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I'm using the following code to query an excel file in LinqToExcel:

var excelFile = new LinqToExcel.ExcelQueryFactory(@"\"+txtFileName.Text.Replace(@"\\",@"\"));

var properties = from p in excelFile.Worksheet<Property>()
                 where AssessmentID != null
                 select p;
foreach (var autoP in properties)
        doSomething();

When I look at the runtime debugger, I see an "InvalidCastException" while looking at the "Results View" of the properties variable. So, I'm assuming that there's something funky going on with my class definition. I'm also assuming that I don't need to map all members of the class to the excel file, but rather only the ones I see fit.
So, Here's the class definition as well:

public class Property
{

    [DataMember]
    public int? Year { get; set; }

    [DataMember]
    public string ChangeReason { get; set; }

    [DataMember]
    public string AssessmentID { get; set; }

    [DataMember]
    public string CallBackNotes { get; set; }

    [DataMember]
    public string InspectionNotes { get; set; } 

    [DataMember]
    public string Notes { get; set; }

    [DataMember]
    public bool Authorization { get; set; }

    [DataMember]
    public string ChargeStatus { get; set; }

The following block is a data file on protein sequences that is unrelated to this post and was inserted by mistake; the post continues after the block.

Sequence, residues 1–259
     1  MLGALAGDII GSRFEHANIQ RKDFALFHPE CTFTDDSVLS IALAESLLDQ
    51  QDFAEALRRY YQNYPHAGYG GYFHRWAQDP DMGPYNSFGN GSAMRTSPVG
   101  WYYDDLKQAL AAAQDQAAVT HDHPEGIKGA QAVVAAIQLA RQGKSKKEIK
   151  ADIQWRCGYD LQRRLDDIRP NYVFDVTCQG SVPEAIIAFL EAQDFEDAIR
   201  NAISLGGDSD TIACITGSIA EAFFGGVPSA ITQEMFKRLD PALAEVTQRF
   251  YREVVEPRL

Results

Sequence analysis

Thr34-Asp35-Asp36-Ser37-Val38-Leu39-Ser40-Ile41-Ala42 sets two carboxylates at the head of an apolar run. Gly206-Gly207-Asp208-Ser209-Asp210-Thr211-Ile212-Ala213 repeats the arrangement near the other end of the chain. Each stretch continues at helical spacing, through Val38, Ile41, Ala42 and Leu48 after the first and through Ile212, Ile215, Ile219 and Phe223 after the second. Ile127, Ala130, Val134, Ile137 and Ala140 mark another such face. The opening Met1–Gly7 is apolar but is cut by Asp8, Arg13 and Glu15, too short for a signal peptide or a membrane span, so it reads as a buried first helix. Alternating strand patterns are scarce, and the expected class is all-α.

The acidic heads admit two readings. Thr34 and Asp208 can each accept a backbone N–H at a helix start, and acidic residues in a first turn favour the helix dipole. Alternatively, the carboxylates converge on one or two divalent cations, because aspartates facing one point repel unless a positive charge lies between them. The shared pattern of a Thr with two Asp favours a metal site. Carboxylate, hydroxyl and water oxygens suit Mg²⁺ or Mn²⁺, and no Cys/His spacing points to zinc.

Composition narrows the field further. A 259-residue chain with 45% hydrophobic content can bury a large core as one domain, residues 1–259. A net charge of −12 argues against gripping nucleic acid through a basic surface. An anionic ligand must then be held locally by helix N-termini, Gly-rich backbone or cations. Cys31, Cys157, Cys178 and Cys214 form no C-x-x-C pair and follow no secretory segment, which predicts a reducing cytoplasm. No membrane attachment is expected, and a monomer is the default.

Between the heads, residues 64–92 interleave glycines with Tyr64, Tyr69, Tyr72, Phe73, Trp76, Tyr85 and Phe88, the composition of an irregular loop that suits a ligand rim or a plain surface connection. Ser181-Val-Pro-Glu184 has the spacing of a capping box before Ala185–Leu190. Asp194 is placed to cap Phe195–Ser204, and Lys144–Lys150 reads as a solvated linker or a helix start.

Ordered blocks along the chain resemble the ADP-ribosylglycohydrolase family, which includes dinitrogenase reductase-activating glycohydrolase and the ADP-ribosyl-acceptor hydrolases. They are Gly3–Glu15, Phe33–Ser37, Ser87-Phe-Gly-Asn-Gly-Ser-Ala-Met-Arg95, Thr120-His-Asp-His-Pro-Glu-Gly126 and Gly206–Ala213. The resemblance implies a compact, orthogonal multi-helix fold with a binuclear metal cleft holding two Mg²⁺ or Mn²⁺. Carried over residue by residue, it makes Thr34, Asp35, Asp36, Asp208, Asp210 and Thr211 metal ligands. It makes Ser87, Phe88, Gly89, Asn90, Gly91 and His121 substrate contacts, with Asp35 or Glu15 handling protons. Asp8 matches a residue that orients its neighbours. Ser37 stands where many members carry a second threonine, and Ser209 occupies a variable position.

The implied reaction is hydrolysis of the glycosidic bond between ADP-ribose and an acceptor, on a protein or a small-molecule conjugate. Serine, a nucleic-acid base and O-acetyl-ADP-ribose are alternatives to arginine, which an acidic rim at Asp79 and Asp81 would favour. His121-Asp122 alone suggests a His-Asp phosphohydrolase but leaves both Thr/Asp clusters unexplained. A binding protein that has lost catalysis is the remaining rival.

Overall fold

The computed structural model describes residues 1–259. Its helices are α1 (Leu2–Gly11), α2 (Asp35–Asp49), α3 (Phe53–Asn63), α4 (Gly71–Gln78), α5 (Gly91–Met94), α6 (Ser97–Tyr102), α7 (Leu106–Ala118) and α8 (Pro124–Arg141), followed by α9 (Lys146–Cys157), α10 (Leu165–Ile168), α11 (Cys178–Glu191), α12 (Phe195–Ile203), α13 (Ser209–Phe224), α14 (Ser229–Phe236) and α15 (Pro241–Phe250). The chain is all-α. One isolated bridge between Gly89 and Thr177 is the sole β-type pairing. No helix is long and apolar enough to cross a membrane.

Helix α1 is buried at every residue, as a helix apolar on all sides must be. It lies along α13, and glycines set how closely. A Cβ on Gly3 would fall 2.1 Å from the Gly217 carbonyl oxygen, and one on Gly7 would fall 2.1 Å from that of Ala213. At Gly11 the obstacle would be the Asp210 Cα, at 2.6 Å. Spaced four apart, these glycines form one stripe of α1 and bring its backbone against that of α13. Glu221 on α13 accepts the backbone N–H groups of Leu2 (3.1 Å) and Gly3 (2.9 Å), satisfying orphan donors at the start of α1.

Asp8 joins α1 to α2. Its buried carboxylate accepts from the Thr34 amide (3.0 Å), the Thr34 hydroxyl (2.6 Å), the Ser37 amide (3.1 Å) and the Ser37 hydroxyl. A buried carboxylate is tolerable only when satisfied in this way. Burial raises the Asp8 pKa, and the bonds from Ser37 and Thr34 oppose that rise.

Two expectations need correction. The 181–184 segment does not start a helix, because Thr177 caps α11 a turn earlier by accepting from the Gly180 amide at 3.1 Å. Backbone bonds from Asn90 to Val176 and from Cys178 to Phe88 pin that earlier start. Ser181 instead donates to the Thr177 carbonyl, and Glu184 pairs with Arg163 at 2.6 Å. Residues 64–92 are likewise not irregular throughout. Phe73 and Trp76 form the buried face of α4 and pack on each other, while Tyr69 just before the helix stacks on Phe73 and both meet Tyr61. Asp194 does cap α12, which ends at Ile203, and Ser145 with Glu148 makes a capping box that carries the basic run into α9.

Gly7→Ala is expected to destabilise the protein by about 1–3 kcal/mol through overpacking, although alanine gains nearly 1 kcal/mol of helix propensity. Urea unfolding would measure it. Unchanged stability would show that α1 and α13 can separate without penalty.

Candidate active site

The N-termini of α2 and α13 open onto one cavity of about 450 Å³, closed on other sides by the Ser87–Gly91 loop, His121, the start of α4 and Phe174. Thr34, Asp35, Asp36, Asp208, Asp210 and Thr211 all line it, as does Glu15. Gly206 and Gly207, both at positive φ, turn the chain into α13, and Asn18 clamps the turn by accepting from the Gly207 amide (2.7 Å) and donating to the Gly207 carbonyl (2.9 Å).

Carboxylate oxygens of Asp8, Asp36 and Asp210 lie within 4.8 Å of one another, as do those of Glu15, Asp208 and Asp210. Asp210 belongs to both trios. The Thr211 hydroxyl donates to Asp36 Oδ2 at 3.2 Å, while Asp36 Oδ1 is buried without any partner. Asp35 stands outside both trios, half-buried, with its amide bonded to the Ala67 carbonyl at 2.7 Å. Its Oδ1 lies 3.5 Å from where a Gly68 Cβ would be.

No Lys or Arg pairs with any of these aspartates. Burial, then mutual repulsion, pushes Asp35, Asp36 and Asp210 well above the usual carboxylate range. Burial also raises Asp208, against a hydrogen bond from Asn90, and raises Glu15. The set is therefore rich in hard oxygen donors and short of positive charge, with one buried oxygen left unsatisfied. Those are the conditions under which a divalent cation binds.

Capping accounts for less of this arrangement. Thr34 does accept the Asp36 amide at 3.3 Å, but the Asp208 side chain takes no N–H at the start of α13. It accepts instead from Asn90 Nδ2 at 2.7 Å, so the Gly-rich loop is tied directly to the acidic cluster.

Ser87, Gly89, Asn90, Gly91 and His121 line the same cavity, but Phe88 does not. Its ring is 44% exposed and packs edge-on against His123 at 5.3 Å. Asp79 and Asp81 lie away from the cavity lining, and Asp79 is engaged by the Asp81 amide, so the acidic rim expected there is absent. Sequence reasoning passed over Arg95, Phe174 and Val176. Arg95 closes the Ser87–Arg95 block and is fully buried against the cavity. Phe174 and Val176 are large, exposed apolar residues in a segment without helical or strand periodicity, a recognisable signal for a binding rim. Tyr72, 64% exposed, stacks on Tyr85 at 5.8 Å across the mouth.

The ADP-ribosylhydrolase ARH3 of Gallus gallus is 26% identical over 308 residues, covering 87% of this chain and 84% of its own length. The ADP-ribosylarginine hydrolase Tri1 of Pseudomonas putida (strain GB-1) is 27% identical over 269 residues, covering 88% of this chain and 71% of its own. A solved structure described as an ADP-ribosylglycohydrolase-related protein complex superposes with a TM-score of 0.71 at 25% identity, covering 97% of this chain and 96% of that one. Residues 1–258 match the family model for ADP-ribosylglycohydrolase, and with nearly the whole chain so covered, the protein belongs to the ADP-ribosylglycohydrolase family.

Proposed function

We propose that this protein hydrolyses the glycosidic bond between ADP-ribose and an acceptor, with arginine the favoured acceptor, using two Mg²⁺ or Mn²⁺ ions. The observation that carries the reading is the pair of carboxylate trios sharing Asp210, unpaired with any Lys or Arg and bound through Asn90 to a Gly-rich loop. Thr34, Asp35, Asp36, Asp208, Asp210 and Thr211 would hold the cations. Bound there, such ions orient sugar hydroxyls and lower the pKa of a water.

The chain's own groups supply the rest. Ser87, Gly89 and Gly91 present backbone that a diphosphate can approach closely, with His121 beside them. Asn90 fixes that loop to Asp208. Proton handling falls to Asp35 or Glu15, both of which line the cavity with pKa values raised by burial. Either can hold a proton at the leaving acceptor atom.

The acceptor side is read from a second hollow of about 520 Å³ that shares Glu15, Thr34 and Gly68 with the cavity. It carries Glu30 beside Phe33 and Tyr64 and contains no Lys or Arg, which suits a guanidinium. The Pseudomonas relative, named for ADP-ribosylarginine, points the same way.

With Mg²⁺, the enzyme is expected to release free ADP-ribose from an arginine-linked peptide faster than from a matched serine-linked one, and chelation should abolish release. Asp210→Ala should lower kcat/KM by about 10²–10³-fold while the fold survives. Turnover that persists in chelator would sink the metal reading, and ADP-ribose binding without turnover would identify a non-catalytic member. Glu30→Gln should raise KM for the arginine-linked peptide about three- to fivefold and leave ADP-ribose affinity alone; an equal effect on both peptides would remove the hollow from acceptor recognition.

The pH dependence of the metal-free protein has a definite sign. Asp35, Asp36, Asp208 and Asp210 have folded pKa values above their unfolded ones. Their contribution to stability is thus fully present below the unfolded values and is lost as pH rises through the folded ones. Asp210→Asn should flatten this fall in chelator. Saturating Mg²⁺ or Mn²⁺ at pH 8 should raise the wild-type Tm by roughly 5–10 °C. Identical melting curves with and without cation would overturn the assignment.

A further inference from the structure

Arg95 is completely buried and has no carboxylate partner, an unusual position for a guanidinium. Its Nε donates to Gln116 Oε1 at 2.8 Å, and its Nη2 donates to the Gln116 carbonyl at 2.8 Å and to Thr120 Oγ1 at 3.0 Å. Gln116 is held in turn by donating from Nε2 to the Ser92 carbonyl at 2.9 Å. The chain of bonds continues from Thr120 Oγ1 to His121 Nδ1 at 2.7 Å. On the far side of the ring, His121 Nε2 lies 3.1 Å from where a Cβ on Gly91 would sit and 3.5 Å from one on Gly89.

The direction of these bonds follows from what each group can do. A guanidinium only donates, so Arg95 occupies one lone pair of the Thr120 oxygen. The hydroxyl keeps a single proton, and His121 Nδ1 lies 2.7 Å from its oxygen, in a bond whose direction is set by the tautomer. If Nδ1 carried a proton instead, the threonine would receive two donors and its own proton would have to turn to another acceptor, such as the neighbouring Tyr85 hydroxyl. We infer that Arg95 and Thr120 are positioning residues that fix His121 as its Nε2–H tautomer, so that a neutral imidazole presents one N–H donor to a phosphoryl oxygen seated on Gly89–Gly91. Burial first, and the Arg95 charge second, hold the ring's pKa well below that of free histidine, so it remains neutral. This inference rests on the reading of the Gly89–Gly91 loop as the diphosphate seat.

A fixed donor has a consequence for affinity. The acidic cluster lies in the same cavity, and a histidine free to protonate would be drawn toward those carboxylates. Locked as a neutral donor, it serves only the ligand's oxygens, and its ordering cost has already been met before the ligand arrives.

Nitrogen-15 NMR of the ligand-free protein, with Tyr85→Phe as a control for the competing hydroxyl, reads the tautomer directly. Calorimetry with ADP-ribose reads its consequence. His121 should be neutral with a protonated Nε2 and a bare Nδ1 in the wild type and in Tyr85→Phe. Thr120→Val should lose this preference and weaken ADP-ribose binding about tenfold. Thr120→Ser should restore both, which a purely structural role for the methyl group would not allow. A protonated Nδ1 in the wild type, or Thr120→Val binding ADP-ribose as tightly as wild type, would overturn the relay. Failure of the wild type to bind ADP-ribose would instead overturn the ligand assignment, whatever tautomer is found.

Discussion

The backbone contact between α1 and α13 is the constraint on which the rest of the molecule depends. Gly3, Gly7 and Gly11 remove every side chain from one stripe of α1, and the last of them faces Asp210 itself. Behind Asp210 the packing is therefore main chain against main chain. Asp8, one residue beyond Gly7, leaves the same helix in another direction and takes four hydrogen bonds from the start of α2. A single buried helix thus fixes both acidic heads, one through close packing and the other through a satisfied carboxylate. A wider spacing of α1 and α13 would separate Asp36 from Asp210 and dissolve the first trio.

[DataMember]
    public string LegalLandDesc { get; set; }

    [DataMember]
    public string Address { get; set; }
    }

Here's a link to the source code for linqToExcel on GitHub:LinqToExcel The generics are more complicated than I've seen, and are something that I (apparently) need to brush up on.

Is there something glaring that I'm missing that would cause this issue? Any ideas as to where to look or what to do to resolve these errors?

1 Answer 1

11

The where clause of the query is what was causing the error. It was referencing the null keyword which was not applicable in the context. I changed it to:

where  !String.IsNullOrEmpty(p.AssessmentID) 

This solved my issue.

Note to self: When inheriting code from others, check the basics first!

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  • 1
    OMG, your post saved me some grief here. I revisited an old project today where an != null where clause was originally working fine and had been for a few years, but suddenly today started throwing this same error.
    – Ho Ho Ho
    Commented Oct 6, 2016 at 18:01
  • 1
    Thanks, you saved my life. Commented Oct 31, 2016 at 10:58
  • 2
    @Rolan - You have identified my exact issue and your fix works but could you explain why null is "not applicable in the context"? This issue doesn't seem to be manifest in LinqPad.
    – Peter Wone
    Commented Jan 31, 2017 at 1:54
  • Thanks tons for this, same issue as others mentioned. Revisited code that was working no problem and exception was thrown now. Commented Dec 4, 2019 at 15:54

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